And there are always a ton of excuses that always start the same way.

“I can’t.”
“I need.”
“I have to have.”
“I just don’t think that’s true for me.”

Its not that any of these excuses are true.  Its just a perception problem.  If change is to happen, it has to come from the individual actually wanting the change.  Its not necessarily that they don’t believe they can change, it is often that they simply don’t want to.  Partly because as hard as their lifestyle is, its comfortable, they are used to it, and change is hard.
    
I have nothing inspirational to share here other than this:  If you have already decided you can’t do something, success will continue to elude you.  Change your mindset and change your path.  There are people out there who can provide you with the guidance you need to change, but ultimately, you have to be the one to drive that train.  Decide to be successful and figure out what you need to change about yourself to get there.
 
We are all capable of change, but ability without desire robs you of your potential.  We all have ability.  Make the desire happen and you can achieve what you may have perceived to be impossible.


“Why it's simply impassible!
Alice: Why, don't you mean impossible?
Door: No, I do mean impassible. (chuckles) Nothing's impossible!” 

Popular posts from this blog

Next Level

So, there are those of us who work out regularly to look and feel better and improve our general health.  There are those of us who just like to lead active lives and enjoy nature and the occasional physical activity.  And then there are those of us who like to challenge themselves to push past our perceived physical limitations and see how far down the rabbit hole we can go.  While this last one is certainly an admirable pursuit, as are the other two, I must say it is the one I most commonly see go sideways.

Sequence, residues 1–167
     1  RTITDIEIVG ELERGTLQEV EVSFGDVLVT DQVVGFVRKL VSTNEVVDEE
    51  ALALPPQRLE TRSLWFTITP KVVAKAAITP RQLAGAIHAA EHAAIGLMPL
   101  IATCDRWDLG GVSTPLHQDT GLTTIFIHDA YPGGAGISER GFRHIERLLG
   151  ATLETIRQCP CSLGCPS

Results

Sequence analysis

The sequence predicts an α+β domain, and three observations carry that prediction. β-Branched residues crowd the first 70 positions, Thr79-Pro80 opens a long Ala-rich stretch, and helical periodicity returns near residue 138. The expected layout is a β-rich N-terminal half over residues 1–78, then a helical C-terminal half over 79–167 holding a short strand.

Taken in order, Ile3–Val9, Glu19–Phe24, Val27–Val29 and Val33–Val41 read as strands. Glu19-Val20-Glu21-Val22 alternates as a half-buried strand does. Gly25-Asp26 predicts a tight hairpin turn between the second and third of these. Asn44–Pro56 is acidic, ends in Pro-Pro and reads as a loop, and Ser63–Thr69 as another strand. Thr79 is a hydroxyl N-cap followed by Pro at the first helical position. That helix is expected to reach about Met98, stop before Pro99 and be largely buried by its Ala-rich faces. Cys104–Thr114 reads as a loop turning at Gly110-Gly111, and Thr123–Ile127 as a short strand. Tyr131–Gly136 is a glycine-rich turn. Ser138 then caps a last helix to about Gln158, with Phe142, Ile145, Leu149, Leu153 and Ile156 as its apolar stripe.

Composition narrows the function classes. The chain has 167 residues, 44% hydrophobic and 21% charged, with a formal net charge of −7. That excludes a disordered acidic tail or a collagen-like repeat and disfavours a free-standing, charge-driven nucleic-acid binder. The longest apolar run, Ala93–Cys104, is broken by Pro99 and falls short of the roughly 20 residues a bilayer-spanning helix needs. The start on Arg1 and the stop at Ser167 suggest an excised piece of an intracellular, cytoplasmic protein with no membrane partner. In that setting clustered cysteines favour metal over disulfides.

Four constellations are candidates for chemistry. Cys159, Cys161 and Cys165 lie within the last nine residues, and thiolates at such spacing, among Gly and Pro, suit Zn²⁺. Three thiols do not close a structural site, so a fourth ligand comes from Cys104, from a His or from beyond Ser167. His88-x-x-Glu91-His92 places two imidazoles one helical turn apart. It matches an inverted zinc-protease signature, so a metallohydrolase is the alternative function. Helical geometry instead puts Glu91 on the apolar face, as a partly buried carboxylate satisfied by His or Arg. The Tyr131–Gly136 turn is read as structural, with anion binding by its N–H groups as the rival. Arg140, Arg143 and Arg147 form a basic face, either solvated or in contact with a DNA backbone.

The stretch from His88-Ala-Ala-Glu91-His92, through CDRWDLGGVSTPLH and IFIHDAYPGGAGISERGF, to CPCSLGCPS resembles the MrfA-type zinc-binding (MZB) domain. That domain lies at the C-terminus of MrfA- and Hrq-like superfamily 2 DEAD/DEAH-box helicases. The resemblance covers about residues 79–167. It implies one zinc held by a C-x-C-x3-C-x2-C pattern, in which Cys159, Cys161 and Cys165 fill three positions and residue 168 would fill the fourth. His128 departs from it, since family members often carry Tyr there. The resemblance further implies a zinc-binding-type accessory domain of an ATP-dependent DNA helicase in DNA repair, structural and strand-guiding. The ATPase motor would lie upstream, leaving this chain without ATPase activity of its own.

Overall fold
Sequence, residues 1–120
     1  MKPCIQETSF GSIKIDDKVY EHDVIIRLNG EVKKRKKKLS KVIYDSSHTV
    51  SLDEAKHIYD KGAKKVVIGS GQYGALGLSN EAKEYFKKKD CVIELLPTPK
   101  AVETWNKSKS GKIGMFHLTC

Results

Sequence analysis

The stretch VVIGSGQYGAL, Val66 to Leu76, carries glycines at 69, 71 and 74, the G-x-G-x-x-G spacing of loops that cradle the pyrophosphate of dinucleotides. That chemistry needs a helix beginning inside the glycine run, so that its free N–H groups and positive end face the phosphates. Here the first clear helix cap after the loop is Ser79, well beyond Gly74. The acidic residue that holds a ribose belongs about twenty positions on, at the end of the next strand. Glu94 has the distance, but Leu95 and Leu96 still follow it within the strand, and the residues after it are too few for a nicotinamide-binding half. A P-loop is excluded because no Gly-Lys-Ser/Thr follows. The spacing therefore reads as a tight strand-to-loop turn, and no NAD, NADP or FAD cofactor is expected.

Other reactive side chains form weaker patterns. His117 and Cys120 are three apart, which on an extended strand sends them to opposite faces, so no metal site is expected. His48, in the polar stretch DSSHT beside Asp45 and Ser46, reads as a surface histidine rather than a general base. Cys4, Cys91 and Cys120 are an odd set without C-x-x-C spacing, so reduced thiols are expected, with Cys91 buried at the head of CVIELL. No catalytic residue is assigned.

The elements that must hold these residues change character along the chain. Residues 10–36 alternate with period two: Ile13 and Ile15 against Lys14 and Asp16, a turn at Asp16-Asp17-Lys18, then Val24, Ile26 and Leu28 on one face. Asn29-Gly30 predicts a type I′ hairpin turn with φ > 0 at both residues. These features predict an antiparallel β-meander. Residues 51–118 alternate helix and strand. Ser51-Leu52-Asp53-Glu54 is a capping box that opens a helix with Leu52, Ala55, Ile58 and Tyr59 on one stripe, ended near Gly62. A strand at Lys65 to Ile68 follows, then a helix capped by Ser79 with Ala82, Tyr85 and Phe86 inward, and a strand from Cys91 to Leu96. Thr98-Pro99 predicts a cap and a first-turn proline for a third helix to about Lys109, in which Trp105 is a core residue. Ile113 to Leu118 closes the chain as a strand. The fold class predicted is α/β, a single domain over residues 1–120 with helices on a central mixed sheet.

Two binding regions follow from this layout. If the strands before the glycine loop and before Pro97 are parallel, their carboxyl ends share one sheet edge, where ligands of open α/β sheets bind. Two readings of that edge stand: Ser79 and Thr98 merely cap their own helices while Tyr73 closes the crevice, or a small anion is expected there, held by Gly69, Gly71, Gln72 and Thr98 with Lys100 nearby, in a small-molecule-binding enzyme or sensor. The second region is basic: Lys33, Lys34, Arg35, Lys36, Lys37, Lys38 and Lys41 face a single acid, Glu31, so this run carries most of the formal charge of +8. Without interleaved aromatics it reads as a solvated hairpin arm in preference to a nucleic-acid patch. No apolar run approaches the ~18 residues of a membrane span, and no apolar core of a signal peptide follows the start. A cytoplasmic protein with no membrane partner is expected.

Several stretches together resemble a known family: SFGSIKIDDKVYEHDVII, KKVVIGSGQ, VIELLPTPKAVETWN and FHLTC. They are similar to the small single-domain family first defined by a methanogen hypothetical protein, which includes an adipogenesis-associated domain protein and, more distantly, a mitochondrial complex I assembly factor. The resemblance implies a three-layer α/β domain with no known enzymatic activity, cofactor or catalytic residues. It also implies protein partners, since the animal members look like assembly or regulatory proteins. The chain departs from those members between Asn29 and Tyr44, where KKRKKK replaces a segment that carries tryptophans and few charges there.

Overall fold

If you are contemplating taking things to the next level with your training, you must first sit down and realistically assess what you are about to take on.  Next level training is not just about pushing yourself in the gym, but also managing your personal life, your recovery, and your expectations.  It also means knowing when to go low and slow and when to go hard.  The most common mistake a lot of people make is that they think next level means going harder all the time.  But,…

The Highland Games

Last summer, I became intrigued by the idea of learning how to throw heavy things.  As a weightlifting coach with unfortunate limb ratios for competitive weightlifting and a few friends who compete in Highland Games (and blather on incessantly about how awesome it is), I was excited to see if throwing might be a good outlet for my training.  I'm relatively strong, can produce a good amount of power, and have long limbs.  However, I am also relatively small compared to most throwers and therefore do not have a mass advantage.  That leaves me with mostly strength and technique as my assets.  Not yet knowing how to throw and not having a coach other than you-tube was going to make the technique part a bit of a challenge.

I didn't really intend to compete in the Highland Games, just use the throws to keep my training fun and set some backyard PRs, but then a friend of mine in Texas decided to host a Highlander.  A Highlander is a hybrid Highland Games and Strongman competition a…

Training for the Warrior Dash

Over the past couple of years, obstacle course races such as the Warrior Dash have become insanely popular.  Since I first posted about training for the Warrior Dash, I've gotten a lot of inquiries from clients and other trainers about how exactly one should train for the Warrior Dash or similar short distance obstacle course races.  I've heard people tout everything from Crossfit to P90X to not training at all as being the best way to train for one of these races, but I believe there is a middle ground that can serve far more people, especially beginners, without getting too extreme or requiring a lot of equipment.  Obviously, the best training protocol is tailored for the individual, but with a little information, its relatively easy to tweak a program for your own needs and fitness level.

The first time I saw a video of the Warrior Dash on Youtube, I thought to myself, "Those people are crazy."

I also thought, "I want to do that".  
I watched a few mo…